Lost in translation: Leeds look like they cannot live with Marcelo Bielsa’s unyielding intensity… serious questions are now being asked of the Argentine’s methods after another post-Christmas horror run
- Leeds suffered a 2-0 defeat to Nottingham Forest on Saturday afternoon
- They have seen an 11-point gap to third evaporate in recent weeks amid bad run
- Team have the sixth worst record in the Championship since Christmas
You know the pressure is telling when Marcelo Bielsa, arguably the most influential football manager to emerge from South America, spends half of a press conference in Leeds expressing offence at being described as garrulous.
Bielsa’s need to devote 20 minutes last Thursday to a fitness update on Jean-Kevin Augustin — the young French forward who has not started a game since arriving on loan from Leipzig — was generally a source of affectionate amusement.
Everyone knows the 64-year-old’s obsession with detail. But that obsession extends to having every word that is published about him translated into Spanish so he can read it all. Hence his wounded pride at being described as excessively talkative.
Marcelo Bielsa is under more pressure following defeat to Nottingham Forest on Saturday
‘Everybody makes jokes about the (length of the answer),’ Bielsa said through his translator ahead of his side’s match at Brentford on Tuesday. ‘Maybe people think I am looking down on everybody and it’s not like that. I am just trying to transmit with humility things that I am sure about.’
Of course, offence is rarely taken when a manager’s team are winning. Had Leeds maintained the seven-match winning streak they took into December, no-one would be asking Bielsa — whose side have failed to score in four of the past five Championship matches, all defeats — why he didn’t try out the £12million- rated Augustin just a little.
‘The team are not playing worse than before,’ insisted Bielsa. ‘The team are not running less than before. They’re running even more. And they’re as confident as they were before.’
The Whites have seen an 11-point gap to third evaporate in recent weeks after a bad run
His words might carry more conviction if he managed eye contact, but it is a measure of his professional intensity that he stares at the table in front of him, rattling out the words in Spanish. Coach-turned-translator Diego Flores — the third translator Bielsa has employed since arriving at Leeds — tries valiantly to relate.
The notion of Bielsa delivering Leeds to the Premier League is an appealing one. A 64-year-old of such vast experience and a club with such rich history would be some addition. When he started out in Yorkshire, his range of topics in the media room encompassed his contemporary Arrigo Sacchi and the romantic and pragmatic tactical schools of Argentinian football.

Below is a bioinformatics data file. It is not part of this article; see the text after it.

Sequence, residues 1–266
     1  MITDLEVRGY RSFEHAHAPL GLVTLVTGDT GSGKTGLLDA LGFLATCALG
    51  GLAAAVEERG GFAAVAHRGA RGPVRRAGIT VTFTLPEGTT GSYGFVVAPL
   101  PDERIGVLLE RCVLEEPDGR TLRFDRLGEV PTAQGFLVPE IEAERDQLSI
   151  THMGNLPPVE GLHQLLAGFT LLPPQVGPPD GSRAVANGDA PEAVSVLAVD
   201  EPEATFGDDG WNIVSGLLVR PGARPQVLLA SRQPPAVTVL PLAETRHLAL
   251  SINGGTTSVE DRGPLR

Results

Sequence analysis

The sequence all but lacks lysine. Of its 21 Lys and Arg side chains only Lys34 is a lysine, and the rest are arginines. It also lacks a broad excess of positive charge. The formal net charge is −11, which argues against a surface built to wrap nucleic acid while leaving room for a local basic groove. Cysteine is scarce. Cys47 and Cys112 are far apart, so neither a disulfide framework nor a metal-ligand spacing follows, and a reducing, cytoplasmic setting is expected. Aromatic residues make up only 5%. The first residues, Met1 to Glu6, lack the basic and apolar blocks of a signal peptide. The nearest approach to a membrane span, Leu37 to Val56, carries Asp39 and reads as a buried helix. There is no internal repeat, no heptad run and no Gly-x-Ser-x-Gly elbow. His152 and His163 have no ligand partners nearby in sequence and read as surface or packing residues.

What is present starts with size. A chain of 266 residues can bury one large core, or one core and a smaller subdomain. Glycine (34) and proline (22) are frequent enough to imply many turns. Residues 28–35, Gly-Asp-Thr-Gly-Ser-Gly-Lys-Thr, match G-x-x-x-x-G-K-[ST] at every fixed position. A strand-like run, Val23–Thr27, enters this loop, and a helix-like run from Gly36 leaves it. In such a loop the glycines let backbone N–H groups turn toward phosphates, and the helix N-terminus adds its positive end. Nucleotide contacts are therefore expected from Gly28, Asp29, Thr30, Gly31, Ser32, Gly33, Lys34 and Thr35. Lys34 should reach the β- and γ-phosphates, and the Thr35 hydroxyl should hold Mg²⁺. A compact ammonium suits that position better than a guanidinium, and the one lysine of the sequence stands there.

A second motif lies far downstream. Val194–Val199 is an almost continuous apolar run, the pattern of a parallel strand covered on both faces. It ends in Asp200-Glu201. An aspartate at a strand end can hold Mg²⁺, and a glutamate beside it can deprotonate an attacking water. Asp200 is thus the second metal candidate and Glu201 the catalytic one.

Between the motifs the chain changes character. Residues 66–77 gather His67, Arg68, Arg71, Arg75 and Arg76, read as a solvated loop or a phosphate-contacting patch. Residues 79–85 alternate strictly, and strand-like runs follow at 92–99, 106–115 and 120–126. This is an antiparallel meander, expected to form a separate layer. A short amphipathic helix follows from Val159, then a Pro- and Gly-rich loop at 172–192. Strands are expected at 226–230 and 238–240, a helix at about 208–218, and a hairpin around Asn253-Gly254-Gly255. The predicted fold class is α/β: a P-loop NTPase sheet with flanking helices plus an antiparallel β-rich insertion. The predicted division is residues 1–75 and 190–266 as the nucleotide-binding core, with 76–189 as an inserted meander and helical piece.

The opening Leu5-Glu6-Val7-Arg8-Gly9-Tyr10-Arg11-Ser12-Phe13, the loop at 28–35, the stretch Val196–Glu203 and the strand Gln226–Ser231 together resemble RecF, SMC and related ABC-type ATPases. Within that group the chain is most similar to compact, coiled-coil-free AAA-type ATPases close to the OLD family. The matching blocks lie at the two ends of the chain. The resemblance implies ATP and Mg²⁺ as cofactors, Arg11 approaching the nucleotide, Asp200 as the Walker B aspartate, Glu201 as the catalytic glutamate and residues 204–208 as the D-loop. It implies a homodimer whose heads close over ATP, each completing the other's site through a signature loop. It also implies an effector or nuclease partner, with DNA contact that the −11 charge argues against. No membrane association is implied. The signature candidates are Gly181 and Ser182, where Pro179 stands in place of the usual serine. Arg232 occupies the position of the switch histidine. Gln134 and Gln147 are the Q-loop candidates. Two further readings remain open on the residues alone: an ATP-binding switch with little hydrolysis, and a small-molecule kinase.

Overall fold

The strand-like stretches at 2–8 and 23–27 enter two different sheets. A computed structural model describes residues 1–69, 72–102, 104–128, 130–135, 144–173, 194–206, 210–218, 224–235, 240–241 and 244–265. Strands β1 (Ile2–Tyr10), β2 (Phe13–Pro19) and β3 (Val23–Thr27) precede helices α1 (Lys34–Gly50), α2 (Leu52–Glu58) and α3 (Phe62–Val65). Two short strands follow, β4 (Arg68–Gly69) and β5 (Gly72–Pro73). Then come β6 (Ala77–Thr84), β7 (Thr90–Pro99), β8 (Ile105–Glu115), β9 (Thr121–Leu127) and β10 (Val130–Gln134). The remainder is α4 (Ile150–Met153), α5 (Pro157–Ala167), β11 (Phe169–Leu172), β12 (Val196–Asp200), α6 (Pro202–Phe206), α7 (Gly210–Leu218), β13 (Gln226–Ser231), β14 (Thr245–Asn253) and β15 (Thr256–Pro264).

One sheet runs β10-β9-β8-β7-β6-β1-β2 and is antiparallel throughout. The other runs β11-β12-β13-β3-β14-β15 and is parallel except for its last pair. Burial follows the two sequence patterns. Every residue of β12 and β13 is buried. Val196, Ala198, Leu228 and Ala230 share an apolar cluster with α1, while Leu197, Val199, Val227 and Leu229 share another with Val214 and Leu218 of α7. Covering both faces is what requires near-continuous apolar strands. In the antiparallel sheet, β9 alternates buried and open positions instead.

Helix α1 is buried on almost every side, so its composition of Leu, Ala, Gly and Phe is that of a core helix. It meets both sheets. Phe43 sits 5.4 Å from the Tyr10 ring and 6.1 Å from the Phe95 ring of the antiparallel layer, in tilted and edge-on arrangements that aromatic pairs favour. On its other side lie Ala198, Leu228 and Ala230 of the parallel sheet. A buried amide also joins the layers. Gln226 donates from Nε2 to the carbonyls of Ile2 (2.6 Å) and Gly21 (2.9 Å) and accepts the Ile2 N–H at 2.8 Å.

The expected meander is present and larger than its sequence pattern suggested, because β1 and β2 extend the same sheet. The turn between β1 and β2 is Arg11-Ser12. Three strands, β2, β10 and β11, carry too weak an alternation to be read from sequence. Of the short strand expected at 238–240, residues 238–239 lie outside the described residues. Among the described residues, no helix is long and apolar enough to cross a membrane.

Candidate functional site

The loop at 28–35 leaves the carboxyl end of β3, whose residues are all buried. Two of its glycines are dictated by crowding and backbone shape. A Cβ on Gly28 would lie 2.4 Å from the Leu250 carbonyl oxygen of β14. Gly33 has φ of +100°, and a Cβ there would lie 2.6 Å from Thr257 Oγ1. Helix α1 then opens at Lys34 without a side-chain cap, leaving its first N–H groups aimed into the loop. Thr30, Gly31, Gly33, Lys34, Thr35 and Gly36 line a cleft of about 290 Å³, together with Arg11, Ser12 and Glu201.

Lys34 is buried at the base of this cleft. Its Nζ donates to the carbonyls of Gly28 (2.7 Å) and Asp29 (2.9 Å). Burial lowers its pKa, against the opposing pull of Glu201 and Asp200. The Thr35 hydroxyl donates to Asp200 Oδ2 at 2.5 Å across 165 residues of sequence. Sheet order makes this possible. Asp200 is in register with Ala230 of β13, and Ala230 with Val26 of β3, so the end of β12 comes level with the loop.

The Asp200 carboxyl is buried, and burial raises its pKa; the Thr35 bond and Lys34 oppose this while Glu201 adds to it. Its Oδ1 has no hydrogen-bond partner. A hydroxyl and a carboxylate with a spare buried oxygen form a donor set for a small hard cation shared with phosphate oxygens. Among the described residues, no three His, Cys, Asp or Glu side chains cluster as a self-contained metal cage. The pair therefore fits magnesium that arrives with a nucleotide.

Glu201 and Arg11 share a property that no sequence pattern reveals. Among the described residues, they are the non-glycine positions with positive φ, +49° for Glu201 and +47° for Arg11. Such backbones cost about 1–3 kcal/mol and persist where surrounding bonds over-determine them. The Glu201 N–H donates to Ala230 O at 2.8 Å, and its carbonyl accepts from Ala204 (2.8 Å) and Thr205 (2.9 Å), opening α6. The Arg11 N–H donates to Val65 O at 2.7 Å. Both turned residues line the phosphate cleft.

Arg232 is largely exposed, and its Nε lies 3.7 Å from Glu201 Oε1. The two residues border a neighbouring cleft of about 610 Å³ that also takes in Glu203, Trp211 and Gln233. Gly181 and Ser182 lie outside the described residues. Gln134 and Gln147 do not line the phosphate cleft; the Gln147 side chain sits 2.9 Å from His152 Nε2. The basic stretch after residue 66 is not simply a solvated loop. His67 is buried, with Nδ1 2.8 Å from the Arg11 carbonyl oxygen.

But everything is in the balance now. On Tuesday, his team face an awkward trip to fifth-placed Brentford, who are looking for a win to climb above them. Bielsa’s 11-point gap to third place has been wiped out following Saturday’s loss at Nottingham Forest.
The obvious explanation as to why Leeds are faltering — just as they did when losing 12 matches after Christmas and finishing third last season — is that the players cannot live with Bielsa’s unyielding intensity.
It looks as though the players cannot live with Argentine manager’s unyielding intensity
Defender Luke Ayling simply seemed psychologically worn down when interviewed in the aftermath of defeat at Forest. ‘I don’t think we’ve scored the first goal in a game for a long time now,’ he said.
Greater tactical flexibility would surely help, although Bielsa is sticking steadfastly to the use of wide areas to attack. Leeds generate a monumental number of crosses — 41 in one game — yet sometimes lack anyone in the box to receive them.
Bielsa — nicknamed ‘Loco’ (‘Madman’) back in Argentina — was surprised when Eddie Nketiah returned from a Leeds loan spell to parent club Arsenal, where he has impressed Mikel Arteta in training. Yet he had barely played him. Augustin is experiencing the same plight, with Bielsa bluntly insisting through his translator on Monday that the 22-year-old is experiencing increased ‘difficulties’.
Leeds sit second but have the sixth worst record in the Championship since Christmas
Leeds need to nurture every resource, since spending does not seem an option. Club sources have indicated that their outlay in the past few years — including Bielsa’s rumoured £3m annual salary — already takes them to the fringes of the EFL’s financial fair play limit.
Leeds supporters see the results being achieved at Sheffield United by Chris Wilder — whose uncomplicated man-management strategies in the bad times have been as basic as beers on the bus — and feel frustration. It did not go down well with some fans when Leeds owner Andrea Radrizzani questioned their commitment after Saturday’s defeat.
It is hard to see Bielsa hanging around if Leeds can’t get to the promised land this time, although he insists all is rosy. ‘We don’t feel highs and lows,’ he said. ‘Your negative evaluation of the team when things go wrong does not describe how it is for us.’
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